This attitude flies in the face of the rest of the world who are beginning to embrace alternative energy, including the United States and China. Others like Germany are already well ahead.
How Much Warning Do We Need?
Most of us think of the burning of fuel by factories, the millions of cars on our roads, and excessive power consumption as the main protagonists in climate change. However, the clearing of our forests for development, the production of timber and wood chip, products like palm oil, and charcoal is a major factor in the increase of carbon dioxide in the atmosphere. Trees actually breath in carbon dioxide and expel oxygen into the atmosphere, so it a no brainer that by planting more trees than we destroy we will help the planet we love and rely on.
We have had ample warning of the catastrophic events that could occur should we not act 'now'. Rising temperatures, sea levels, and melting ice caps are already evident. There has been a dramatic increase in the occurrence of natural disasters such as floods, fires, earthquakes, and hurricanes in recent years. What more evidence do we need to convince us that we are on the wrong track and need to change our course urgently? The 'economy' is not the most important factor for consideration, The ENVIRONMENT is!
What Difference Can We Make As Individuals?
Many people have the attitude, "I am just one person. Nothing I do will have any impact or make a difference." This way of thinking is wrong and our government also uses the same excuse. They are constantly using the excuse for not acting effectively on climate change, saying we are only one country with a small population. Reducing our carbon emissions will have no real effect unless the major polluters like the USA, China and India lead the way in carbon reduction and use of renewable energy.
They ignore the fact that the biggest hole in the ozone layer is over Australia and Antarctica, and that we already have the highest incidence of skin cancer in the world. Australia has been one of the leading developers of solar technology, but the government won't support the development of this industry or the manufacture of solar panels etc, so most of these businesses have been forced to either sell the technology, or move their businesses offshore to China etc where production and labor costs are lower than in Australia.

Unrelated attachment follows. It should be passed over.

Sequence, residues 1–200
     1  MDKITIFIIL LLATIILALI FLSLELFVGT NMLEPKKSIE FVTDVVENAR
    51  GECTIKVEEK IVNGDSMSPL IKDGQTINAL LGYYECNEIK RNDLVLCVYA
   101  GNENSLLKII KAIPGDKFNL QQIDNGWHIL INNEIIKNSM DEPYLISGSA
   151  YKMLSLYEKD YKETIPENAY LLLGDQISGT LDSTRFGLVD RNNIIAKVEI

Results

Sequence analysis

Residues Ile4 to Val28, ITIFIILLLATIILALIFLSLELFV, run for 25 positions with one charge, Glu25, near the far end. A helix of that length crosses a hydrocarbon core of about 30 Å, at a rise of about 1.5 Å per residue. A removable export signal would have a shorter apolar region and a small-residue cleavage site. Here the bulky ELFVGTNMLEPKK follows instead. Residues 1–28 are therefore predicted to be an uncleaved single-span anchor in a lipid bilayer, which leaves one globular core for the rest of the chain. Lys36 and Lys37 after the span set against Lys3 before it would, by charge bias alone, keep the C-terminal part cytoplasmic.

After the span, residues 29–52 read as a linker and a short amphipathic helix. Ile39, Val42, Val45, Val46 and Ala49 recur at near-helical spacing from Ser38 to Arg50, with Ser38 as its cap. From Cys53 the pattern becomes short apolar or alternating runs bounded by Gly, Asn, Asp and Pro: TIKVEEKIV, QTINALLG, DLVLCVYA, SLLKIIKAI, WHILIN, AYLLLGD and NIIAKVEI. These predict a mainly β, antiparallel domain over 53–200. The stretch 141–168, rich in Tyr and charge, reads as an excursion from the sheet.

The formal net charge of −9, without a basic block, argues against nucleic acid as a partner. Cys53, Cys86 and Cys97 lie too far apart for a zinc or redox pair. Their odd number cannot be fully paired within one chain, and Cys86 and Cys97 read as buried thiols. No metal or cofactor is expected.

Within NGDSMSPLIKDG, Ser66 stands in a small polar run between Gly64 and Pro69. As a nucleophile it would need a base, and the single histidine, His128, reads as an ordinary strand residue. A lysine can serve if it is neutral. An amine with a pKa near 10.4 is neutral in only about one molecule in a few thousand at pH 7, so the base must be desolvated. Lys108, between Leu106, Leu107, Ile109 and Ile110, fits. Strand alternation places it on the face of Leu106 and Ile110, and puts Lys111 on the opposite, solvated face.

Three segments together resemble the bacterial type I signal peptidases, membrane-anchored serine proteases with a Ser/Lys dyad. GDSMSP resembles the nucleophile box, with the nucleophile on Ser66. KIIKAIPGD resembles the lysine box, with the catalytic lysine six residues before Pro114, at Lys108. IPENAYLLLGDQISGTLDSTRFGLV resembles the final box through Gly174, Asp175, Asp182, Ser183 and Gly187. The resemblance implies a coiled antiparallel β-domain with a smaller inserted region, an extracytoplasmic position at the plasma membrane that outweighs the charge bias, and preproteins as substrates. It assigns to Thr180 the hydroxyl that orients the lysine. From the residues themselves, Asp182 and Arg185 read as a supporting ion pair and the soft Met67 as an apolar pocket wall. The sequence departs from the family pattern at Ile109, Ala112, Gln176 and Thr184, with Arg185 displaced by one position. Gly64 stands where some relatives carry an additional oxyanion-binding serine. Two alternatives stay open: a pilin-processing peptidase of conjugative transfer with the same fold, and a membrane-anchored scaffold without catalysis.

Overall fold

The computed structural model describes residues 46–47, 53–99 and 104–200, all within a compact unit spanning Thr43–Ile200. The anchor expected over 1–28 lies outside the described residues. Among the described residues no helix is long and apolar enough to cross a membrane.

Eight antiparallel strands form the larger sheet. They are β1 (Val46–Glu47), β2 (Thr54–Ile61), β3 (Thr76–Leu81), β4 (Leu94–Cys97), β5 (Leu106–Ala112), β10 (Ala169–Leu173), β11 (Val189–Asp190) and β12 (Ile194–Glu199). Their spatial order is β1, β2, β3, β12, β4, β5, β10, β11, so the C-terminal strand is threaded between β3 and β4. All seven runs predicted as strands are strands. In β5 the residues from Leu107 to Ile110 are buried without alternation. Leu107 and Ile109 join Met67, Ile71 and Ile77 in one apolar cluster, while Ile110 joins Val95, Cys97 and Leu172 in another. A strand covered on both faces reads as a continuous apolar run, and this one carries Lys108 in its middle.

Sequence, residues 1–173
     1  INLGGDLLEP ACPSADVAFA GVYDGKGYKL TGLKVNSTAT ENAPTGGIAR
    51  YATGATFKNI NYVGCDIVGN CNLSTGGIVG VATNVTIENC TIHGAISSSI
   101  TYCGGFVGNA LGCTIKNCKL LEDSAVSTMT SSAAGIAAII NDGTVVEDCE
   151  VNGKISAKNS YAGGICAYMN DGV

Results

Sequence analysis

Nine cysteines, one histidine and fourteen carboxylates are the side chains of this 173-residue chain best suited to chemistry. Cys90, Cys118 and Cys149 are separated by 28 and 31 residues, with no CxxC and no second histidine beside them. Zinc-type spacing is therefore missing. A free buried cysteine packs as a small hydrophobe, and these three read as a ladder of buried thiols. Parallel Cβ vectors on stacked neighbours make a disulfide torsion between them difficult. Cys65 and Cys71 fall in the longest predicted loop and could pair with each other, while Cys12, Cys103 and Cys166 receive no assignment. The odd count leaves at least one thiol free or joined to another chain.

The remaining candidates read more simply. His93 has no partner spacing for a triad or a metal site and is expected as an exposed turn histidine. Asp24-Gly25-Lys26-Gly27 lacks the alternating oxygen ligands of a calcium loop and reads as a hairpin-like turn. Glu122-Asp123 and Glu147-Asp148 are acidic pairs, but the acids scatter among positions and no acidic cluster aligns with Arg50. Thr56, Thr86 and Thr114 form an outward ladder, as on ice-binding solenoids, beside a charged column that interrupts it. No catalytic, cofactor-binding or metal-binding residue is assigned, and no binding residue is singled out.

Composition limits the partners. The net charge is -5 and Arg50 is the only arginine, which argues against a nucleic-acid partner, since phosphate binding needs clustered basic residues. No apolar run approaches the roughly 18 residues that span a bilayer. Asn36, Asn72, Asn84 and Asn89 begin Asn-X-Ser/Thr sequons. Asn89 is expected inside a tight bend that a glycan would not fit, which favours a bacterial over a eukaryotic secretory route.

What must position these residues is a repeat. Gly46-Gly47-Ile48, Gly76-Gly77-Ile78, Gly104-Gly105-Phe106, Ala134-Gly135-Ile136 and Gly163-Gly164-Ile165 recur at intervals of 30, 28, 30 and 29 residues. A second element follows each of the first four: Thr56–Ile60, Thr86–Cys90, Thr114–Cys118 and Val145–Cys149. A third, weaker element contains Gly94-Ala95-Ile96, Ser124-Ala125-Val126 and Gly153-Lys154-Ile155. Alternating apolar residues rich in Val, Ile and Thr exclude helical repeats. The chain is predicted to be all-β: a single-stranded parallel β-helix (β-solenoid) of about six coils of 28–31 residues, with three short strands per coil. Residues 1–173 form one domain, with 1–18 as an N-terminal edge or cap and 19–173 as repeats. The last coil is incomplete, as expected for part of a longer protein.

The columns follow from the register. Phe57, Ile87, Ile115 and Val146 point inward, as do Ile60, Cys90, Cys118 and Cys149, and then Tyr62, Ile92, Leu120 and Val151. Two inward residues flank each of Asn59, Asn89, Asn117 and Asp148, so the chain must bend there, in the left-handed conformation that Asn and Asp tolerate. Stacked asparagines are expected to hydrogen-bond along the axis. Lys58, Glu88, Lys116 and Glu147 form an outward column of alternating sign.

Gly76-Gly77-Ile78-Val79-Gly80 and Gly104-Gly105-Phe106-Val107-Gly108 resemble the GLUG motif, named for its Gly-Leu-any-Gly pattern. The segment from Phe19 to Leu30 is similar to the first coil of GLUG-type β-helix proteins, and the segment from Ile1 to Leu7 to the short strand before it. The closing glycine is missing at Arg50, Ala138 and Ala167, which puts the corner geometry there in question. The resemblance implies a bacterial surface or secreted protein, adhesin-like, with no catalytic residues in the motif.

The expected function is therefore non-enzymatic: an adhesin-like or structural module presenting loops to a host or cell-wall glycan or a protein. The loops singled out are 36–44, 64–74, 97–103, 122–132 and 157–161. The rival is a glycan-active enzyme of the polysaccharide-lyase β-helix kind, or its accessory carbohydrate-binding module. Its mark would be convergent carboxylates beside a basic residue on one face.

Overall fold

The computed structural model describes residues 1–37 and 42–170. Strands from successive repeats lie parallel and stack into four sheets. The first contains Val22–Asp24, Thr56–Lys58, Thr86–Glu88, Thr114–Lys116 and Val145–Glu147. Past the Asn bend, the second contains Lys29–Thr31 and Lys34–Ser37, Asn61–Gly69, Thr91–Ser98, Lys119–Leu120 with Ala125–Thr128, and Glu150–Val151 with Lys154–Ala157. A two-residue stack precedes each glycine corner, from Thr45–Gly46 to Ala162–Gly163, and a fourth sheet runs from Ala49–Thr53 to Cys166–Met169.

We all can make a difference.
- If possible have solar panels installed, or at least a solar hot water system.
- Plant trees on your land wherever possible instead of clearing.
- Don't drive any more than you need to, or carpool whenever possible.
- Try to buy food and other products locally (and organic) to save the energy, fuel etc used in transporting the products. Even better try to grow your own.
- Fly as little as possible. Planes use more fossil fuels than any other form of transport.
- Buy energy efficient white goods and electrical appliances. Plasma t.v.s are power guzzlers, don't buy one!
- If possible buy a gas powered vehicle, or hybrid, or have yours converted.
- Install a rainwater tank so all your rainfall isn't wasted.
- Recycle as much as possible. Take your own biodegradable shopping bags to the supermarket in preference to using plastic bags.
- Take responsibility for your actions. Don't leave it to the government to do the right thing.
Do you believe Climate Change and Global Warming are:
- Climate change and variability
Australian climate change and variability maps, timeseries graphs, data and information.
- Climate Change: Vital Signs of the Planet
- Global Climate Change - Statistics & Facts | Statista
Discover all statistics and data on Global Climate Change now on statista.com!
- Kyocera solar power plant: After Fukushima, Japan finds beauty in renewable energy. (Photo)
It looks like some idealistic architecture student’s vision for the future of sustainable energy production. In fact, it's a photo of a real-life solar plant that went into operation on Nov. 1 in Japan. The Kagoshima Nanatsujima Mega Solar Power Plan
© 2013 John Hansen